Cyanobacteria didn’t just crawl out of the primordial ooze – it is the primordial ooze. For almost two billion years it was among earth’s dominant life forms, helping produce the oxygen-rich atmosphere we breathe today. Technically, although cyanobacteria is not a true algae, it shares the attributes of both bacteria and algae. The organism is found in environments as different as stagnant farm ponds and Antarctic waters. It’s probably present in small numbers in most Ontario lakes.

But given the right circumstances – often shallow, soft-bottomed lakes with limited water movement and balmy weather – cyanobacteria are primed for rapid growth. Their only additional need is phosphorus, and humans do a good job of supplying it. Phosphorus comes from animal and human waste, lawn fertilizers, and whatever ends up in septic systems, including automatic dishwasher detergents and household cleaners. We also help the nutrient get to the lake by clearing land and replacing the tangle of shoreline vegetation with lawns and imported beaches.

The Three Mile Lake bloom is the first confirmed cyanobacterial scum in Muskoka, and it illustrates the link between development, phosphorus, and algae. Before the first wave of settlers carved farms out of the bush, the lake’s shallow main basin probably held 8.49 parts per billion of phosphorus (as determined by computer models). That’s not very much – one part per billion is the equivalent of one second in 32 years. Phosphorus and nitrogen are naturally occurring, but lakes on the Canadian Shield are typically low in these nutrients and can be more sensitive to their increase.

Today there are more than 550 cottages and homes on the shore. Farming is probably less active than in previous decades, but there are still about 200 head of cattle, horses, and other farm animals around the lake. Add the nearby golf course, and the main basin of Three Mile Lake is estimated to serve up 24.21 parts per billion of phosphorus.

You can be fairly certain that increased human activities and more people in the watershed with the same level of control on waste” – including septic systems and livestock manure – “is going to produce more cyanobacteria,” says Ellie Prepas, the Canada research chair in sustainable water management at Thunder Bay’s Lakehead University. Prepas favours the zero-discharge approach Europeans have taken, removing phosphorus from watersheds by replacing septic systems with holding tanks whose contents are shipped to centralized sewage treatment facilities.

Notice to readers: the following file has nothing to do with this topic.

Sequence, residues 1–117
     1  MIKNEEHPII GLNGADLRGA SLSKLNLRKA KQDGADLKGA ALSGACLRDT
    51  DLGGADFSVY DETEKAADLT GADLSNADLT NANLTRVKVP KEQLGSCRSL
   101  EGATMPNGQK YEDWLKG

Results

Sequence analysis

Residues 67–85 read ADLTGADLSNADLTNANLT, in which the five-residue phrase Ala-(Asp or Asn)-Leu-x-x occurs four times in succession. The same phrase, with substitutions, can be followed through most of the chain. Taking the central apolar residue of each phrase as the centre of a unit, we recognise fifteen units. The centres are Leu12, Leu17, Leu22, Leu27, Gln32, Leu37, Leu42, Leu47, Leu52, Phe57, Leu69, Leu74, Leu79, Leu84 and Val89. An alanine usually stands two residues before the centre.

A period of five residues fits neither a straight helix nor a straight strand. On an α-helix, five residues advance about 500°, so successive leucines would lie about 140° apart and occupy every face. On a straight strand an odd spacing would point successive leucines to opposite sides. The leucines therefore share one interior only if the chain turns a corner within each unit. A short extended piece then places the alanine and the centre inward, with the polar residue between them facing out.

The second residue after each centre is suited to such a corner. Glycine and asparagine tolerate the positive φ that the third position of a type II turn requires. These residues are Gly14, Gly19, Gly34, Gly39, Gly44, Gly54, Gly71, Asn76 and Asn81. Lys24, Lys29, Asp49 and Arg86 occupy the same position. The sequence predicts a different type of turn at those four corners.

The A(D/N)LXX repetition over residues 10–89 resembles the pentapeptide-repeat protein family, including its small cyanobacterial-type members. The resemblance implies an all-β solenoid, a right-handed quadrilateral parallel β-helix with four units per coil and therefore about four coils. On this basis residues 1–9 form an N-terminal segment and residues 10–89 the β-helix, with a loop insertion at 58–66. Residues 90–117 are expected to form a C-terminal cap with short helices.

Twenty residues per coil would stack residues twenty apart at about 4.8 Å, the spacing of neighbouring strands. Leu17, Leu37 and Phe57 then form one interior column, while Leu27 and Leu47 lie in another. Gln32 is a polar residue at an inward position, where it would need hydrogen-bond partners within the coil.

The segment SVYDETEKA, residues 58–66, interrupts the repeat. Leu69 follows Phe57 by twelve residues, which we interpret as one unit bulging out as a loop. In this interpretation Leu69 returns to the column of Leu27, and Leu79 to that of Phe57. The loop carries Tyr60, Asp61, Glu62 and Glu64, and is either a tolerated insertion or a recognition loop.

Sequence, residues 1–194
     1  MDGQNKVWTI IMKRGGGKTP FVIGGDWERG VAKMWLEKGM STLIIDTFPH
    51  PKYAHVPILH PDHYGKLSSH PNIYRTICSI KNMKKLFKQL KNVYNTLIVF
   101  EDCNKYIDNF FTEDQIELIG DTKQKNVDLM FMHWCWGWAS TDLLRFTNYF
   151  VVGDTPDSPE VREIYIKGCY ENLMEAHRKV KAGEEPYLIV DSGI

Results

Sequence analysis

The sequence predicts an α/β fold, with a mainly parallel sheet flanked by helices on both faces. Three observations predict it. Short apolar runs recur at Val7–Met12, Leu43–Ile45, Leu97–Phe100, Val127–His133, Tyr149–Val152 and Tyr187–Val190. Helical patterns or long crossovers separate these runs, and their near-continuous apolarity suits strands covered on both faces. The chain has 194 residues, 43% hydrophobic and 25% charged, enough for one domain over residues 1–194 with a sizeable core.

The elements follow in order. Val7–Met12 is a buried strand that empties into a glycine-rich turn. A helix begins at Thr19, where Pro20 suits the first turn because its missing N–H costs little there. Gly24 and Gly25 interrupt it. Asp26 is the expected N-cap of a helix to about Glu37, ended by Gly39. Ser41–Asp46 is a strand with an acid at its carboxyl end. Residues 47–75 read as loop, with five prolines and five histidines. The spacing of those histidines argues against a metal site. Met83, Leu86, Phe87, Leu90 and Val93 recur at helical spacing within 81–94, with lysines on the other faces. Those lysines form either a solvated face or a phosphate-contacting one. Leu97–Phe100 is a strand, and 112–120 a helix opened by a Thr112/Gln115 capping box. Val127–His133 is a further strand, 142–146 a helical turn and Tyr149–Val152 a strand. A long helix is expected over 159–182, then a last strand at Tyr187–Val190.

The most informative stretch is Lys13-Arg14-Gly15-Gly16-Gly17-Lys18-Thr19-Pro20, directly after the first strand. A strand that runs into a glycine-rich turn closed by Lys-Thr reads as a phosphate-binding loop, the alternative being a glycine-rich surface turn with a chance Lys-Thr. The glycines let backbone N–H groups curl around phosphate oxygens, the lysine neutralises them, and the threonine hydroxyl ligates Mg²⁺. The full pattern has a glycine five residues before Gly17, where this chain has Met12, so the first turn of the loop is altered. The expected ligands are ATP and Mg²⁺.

Cutting phosphorus is “the only handle we have on cyanobacteria,” says Murray Charlton, research scientist with Environment Canada’s National Water Research Institute. As aquatic organisms go, cyanobacteria are remarkably self-sufficient. Many take the nitrogen they need to grow from the atmosphere. Some dive and ascend like submarines, going down for more nutrients and up to capture more sunlight while shading out their competitors.

When it comes to fending off a cyanobacterial bloom, cottagers can’t change the weather or stop the sun from shining. The best defence is to put sludge-producers on a low-phosphorus diet. Getting a handle on phosphorus means cottagers must come to grips with the trends making cottage use more intensive and its environmental impact more extensive. As modest summer places are winterized or turned into full-time homes, cottagers spend more time at the lake. That means more trips to the loo, more household cleaners down the drain, more phosphorus in septic systems and tile beds – and, ultimately, more nutrients in the watershed.

At the same time, new cottages tend to be bigger, with larger septic systems, more extensive clearings, and landscaping that’s more suburbia than wilderness. “Now what we seem to be getting on the lake is homes,” says long-time Three Mile Lake cottager Victor Kulish. “The first thing the owners do is cut down the trees and plant a lawn from the water to the cottage and build these three-to six-thousand-square-foot structures.”

The results shouldn’t be a surprise. For years now, governments, conservation authorities, cottage lake associations, and Cottage Life have been harping on the need to ease the pressure on cottage lakes. But is the message getting through?